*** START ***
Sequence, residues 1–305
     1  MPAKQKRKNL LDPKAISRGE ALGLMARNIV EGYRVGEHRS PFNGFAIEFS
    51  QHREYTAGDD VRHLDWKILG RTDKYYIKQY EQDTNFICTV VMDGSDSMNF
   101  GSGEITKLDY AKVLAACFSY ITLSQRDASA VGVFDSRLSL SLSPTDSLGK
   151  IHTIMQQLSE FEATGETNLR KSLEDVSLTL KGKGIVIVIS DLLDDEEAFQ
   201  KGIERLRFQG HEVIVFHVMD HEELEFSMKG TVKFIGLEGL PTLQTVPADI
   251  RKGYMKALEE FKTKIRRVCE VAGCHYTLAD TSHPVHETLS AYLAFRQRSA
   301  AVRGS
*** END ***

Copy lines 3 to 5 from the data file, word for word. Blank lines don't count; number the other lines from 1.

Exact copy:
    51  QHREYTAGDD VRHLDWKILG RTDKYYIKQY EQDTNFICTV VMDGSDSMNF
   101  GSGEITKLDY AKVLAACFSY ITLSQRDASA VGVFDSRLSL SLSPTDSLGK
   151  IHTIMQQLSE FEATGETNLR KSLEDVSLTL KGKGIVIVIS DLLDDEEAFQ